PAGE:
# Spaceship Question

1. Dec 9, 2004

### CollectiveRocker

How fast must a spaceship be traveling relative for one day on the spacecraft to equal 2 days on Earth? I'm pretty sure that t(0) = 172,800 seconds, and t = 86,000 seconds. Do I just need to use ∆t = t – t(0), simplify that to t = γt(0), and then since γ = 1+ (1/2)(v^2)/(c^2); take the resulting equation and just resolve for v?

2. Dec 9, 2004

### Olaf.of.Ísland

If I remember correctly, you will want to use the relativistic equation for gamma and not the approximation for speeds much lower than the speed of light. So,
gamma = 1/(sqrt(1-(v^2/c^2))) Otherwise, using the aproximation will yeild a speed faster than the speed of light which is not possible.

3. Dec 9, 2004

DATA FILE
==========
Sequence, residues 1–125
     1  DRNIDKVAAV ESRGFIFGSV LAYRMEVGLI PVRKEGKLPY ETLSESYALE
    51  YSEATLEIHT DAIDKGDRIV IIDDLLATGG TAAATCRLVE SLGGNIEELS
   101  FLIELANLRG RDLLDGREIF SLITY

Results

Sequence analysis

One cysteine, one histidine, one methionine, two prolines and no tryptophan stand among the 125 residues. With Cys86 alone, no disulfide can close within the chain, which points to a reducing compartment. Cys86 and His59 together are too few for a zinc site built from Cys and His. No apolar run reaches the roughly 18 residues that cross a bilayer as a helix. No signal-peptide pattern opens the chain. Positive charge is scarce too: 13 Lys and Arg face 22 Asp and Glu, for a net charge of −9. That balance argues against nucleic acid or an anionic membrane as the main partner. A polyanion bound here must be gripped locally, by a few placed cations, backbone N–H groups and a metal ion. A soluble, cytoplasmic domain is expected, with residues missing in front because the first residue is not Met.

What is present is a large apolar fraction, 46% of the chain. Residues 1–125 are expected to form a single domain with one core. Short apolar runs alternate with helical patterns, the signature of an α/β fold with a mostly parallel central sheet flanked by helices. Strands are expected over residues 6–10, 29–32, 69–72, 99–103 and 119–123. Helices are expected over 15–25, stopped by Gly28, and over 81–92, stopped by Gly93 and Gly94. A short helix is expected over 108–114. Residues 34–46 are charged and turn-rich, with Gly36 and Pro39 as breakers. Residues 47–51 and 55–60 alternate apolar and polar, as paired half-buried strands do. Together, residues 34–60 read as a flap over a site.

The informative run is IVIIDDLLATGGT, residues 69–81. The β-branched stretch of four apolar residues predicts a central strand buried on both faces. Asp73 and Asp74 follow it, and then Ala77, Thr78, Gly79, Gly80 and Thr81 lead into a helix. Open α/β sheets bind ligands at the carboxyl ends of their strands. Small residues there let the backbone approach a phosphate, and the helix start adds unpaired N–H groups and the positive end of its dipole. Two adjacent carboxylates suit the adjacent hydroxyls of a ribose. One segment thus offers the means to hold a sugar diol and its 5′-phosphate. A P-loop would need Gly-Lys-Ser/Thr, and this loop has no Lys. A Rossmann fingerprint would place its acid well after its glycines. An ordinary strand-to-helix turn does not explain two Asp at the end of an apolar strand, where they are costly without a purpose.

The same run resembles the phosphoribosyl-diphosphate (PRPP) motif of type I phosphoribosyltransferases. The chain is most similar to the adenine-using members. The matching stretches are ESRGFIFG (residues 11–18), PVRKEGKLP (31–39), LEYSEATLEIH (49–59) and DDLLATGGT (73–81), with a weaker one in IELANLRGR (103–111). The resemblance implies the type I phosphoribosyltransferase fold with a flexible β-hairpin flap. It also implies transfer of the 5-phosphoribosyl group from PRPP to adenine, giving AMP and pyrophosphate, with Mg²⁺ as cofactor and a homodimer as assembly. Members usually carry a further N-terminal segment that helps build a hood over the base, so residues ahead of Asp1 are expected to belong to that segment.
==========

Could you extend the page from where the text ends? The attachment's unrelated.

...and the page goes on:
### CollectiveRocker

I'm ending up with v = sqrt{(((t(0)^2)(c^2))/(∆t^2))-c^2} Can someone please check my math?

4. Dec 9, 2004

### Olaf.of.Ísland

Close, it may be easier to notice that gamma = (earth time) / (spaceship time)

So, gamma = 2 in your case. Should be easy from here . . .

5. Dec 9, 2004

### CollectiveRocker

How does gamma equal earth time/ spaceship time or 2? Is this just though simplification?

6. Dec 9, 2004

### CollectiveRocker

So I can just set gamma equal to 2, and solve for v!

7. Dec 9, 2004

### Olaf.of.Ísland

Yes, that should do the trick.

8. Dec 9, 2004

### CollectiveRocker

Thanks a bunch Olaf.

9. Dec 9, 2004

### CollectiveRocker

If gamma =2, then 2 = 1/(1+(v^2)/(c^2)), thus leaving you with a negative value when you simplify for v.